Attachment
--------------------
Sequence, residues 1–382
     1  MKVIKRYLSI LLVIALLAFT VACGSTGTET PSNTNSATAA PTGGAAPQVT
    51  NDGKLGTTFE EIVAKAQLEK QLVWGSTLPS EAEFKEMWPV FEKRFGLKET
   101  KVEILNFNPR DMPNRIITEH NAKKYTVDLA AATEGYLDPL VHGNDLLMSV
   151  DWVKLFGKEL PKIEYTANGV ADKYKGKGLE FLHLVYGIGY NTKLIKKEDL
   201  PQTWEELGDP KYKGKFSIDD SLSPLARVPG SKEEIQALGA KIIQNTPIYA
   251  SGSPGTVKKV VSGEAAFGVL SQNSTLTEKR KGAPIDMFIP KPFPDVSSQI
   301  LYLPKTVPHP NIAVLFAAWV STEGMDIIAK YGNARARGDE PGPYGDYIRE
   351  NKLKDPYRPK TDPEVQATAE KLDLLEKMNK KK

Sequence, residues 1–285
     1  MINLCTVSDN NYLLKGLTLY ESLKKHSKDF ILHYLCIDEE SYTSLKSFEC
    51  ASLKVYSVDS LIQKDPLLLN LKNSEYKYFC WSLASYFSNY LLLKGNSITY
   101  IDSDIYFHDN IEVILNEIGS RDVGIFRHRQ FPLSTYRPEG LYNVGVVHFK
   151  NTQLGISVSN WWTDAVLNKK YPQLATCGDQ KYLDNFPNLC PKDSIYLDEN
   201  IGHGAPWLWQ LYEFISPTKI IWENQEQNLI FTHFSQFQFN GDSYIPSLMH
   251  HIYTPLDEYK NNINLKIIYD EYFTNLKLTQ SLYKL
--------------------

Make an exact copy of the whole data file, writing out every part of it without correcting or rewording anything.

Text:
Sequence, residues 1–382
     1  MKVIKRYLSI LLVIALLAFT VACGSTGTET PSNTNSATAA PTGGAAPQVT
    51  NDGKLGTTFE EIVAKAQLEK QLVWGSTLPS EAEFKEMWPV FEKRFGLKET
   101  KVEILNFNPR DMPNRIITEH NAKKYTVDLA AATEGYLDPL VHGNDLLMSV
   151  DWVKLFGKEL PKIEYTANGV ADKYKGKGLE FLHLVYGIGY NTKLIKKEDL
   201  PQTWEELGDP KYKGKFSIDD SLSPLARVPG SKEEIQALGA KIIQNTPIYA
   251  SGSPGTVKKV VSGEAAFGVL SQNSTLTEKR KGAPIDMFIP KPFPDVSSQI
   301  LYLPKTVPHP NIAVLFAAWV STEGMDIIAK YGNARARGDE PGPYGDYIRE
   351  NKLKDPYRPK TDPEVQATAE KLDLLEKMNK KK

Sequence, residues 1–285
     1  MINLCTVSDN NYLLKGLTLY ESLKKHSKDF ILHYLCIDEE SYTSLKSFEC
    51  ASLKVYSVDS LIQKDPLLLN LKNSEYKYFC WSLASYFSNY LLLKGNSITY
   101  IDSDIYFHDN IEVILNEIGS RDVGIFRHRQ FPLSTYRPEG LYNVGVVHFK
   151  NTQLGISVSN WWTDAVLNKK YPQLATCGDQ KYLDNFPNLC PKDSIYLDEN
   201  IGHGAPWLWQ LYEFISPTKI IWENQEQNLI FTHFSQFQFN GDSYIPSLMH
   251  HIYTPLDEYK NNINLKIIYD EYFTNLKLTQ SLYKL